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bamboo water product shot
Courtesy of Bamboo Water

Bamboo Water Is Now a Thing

Jun 08, 2015
TIME Health
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This is This Is Now A Thing, where we check out the science behind new health phenomena.

Courtesy of Bamboo Water 

The thing: Bamboo, a grass more likely to fill a panda’s plate than your water bottle, has now entered the realm of weird flavored waters. Bamboo Water is sugared, bottled H20 spiked with bamboo extract, a green liquid that forms inside bamboo leaves during photosynthesis. This potion costs about two bucks a bottle. It’s sustainable, too. Bamboo farmers often toss the leaves when they’re harvesting the strong stems that are often used in construction materials, so leaves are generally wasted. The company, Bamboo Beverages, says it uses the same species of bamboo that giant pandas eat. From what we can tell, it's currently the only bamboo water company on the market.

“Bamboo is my life,” says co-founder Vincent Villanis, who grew up brewing bamboo tea with his family in the Philippines, then later moved to Toronto and became a bamboo farmer. (He also created a bamboo beer.) “During high school in the Philippines, they’d teach you jungle survival," he says. "Splitting the bamboo, or creating a hole in the bamboo where there’s water, would be your safest bet to survive from dehydration.”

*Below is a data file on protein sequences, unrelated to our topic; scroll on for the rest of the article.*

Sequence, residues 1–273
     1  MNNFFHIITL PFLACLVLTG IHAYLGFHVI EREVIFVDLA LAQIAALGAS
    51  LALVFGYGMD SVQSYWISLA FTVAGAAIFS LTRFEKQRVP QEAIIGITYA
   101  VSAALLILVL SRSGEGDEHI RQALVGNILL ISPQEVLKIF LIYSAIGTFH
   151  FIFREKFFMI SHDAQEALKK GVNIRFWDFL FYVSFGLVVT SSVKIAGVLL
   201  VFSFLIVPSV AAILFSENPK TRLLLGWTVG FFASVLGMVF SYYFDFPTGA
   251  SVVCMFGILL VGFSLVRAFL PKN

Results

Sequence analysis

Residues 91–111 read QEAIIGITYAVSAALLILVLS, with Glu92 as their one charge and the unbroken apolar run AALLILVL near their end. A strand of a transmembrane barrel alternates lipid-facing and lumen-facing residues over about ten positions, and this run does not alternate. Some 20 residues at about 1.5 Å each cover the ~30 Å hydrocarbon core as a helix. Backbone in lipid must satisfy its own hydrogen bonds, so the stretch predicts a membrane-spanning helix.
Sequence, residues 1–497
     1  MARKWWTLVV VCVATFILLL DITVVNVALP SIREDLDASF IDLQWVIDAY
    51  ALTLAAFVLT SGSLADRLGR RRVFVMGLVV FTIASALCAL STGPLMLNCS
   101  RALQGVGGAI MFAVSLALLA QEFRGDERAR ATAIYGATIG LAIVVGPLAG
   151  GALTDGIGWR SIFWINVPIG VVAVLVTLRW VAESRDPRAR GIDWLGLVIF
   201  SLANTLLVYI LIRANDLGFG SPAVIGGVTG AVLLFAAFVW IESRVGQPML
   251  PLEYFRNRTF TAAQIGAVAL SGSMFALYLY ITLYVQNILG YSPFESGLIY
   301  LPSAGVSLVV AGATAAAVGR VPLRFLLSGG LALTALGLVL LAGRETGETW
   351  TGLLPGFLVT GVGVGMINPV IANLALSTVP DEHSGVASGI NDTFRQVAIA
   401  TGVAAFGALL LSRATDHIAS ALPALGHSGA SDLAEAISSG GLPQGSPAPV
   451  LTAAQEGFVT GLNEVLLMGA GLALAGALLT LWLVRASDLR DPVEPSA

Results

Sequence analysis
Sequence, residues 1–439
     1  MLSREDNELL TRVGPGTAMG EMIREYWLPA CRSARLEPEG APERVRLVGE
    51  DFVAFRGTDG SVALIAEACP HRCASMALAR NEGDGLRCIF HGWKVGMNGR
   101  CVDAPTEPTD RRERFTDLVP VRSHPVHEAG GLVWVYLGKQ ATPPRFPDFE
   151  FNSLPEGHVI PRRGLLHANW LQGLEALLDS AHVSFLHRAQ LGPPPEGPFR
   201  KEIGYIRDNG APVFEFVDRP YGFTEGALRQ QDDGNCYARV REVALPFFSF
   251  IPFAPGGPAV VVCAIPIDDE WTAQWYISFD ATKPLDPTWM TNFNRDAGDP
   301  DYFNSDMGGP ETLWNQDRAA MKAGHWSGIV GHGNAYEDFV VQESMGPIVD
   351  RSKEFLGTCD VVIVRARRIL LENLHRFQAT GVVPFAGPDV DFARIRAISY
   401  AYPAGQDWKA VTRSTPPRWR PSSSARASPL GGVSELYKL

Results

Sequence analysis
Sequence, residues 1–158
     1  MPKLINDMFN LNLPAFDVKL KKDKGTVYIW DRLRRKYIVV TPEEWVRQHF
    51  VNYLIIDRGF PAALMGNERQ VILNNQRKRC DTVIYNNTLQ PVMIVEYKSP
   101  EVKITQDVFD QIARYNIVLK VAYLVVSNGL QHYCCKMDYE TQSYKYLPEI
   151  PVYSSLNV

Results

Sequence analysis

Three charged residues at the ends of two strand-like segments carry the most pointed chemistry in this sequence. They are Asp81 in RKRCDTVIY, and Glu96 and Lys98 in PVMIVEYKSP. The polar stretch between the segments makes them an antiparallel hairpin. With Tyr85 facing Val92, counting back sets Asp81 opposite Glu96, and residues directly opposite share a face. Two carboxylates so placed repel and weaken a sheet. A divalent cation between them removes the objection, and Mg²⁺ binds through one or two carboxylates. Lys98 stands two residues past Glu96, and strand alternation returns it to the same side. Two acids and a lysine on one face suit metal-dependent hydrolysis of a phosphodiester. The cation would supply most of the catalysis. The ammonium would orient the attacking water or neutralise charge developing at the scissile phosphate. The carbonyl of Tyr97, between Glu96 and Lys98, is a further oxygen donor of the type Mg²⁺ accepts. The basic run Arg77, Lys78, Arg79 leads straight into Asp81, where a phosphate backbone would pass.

The hype: Villanis says bamboo extract has antioxidant, antimicrobial and even anti-halitosis effects—but not officially, not yet. “We won’t be making health claims right now,” Villanis says. “But my goal in the future is toward proving the health benefits of bamboo.”

The research: “For most plant extracts, the antioxidant level is high, mainly from polyphenols and flavonoids,” says Jun Panee, PhD, a researcher at the University of Hawaii. “It’s pretty much true to all fruits, vegetables and plants.” Bamboo is no exception: some of her small animal studies show anti-tumor, anti-inflammation and anti-anxiety effects of bamboo extract.

“One thing we couldn’t answer in animals or cells is the metabolism of the compound in bamboo extract in the human body,” Panee says. "There hasn’t been hard evidence showing that it definitely works in people.” But bamboo has been used for centuries in Chinese medicine for its cooling, anti-inflammatory properties, and it's still a popular supplement in places like China and Hawaii.

The taste: Panee says she sometimes makes her own bamboo water by mixing a few drops of bamboo extract into plain warm water. "The taste is not bad—it's actually pretty fragrant," she says. Even her friends like it, she says. "People who used my bamboo water told me it tastes like green tea to them." The bottled version is sure to taste a lot sweeter, at 16 grams of sugar per 350 mL bottle.

The bottom line: Bamboo water is coming to a bottle near you soon—if you live in Toronto or New York, that is, where the product will launch in July. It's too early to say if the bamboo extract inside of it will help your health (let alone cure your bad breath) and drinking so much sugar sure won't help. But can panda food become the next coconut water? Villanis hopes so. "On the marketing side of things, bamboo has the biggest potential," he says. "If you say it’s got bamboo in it, automatically there’s an emotional connection."

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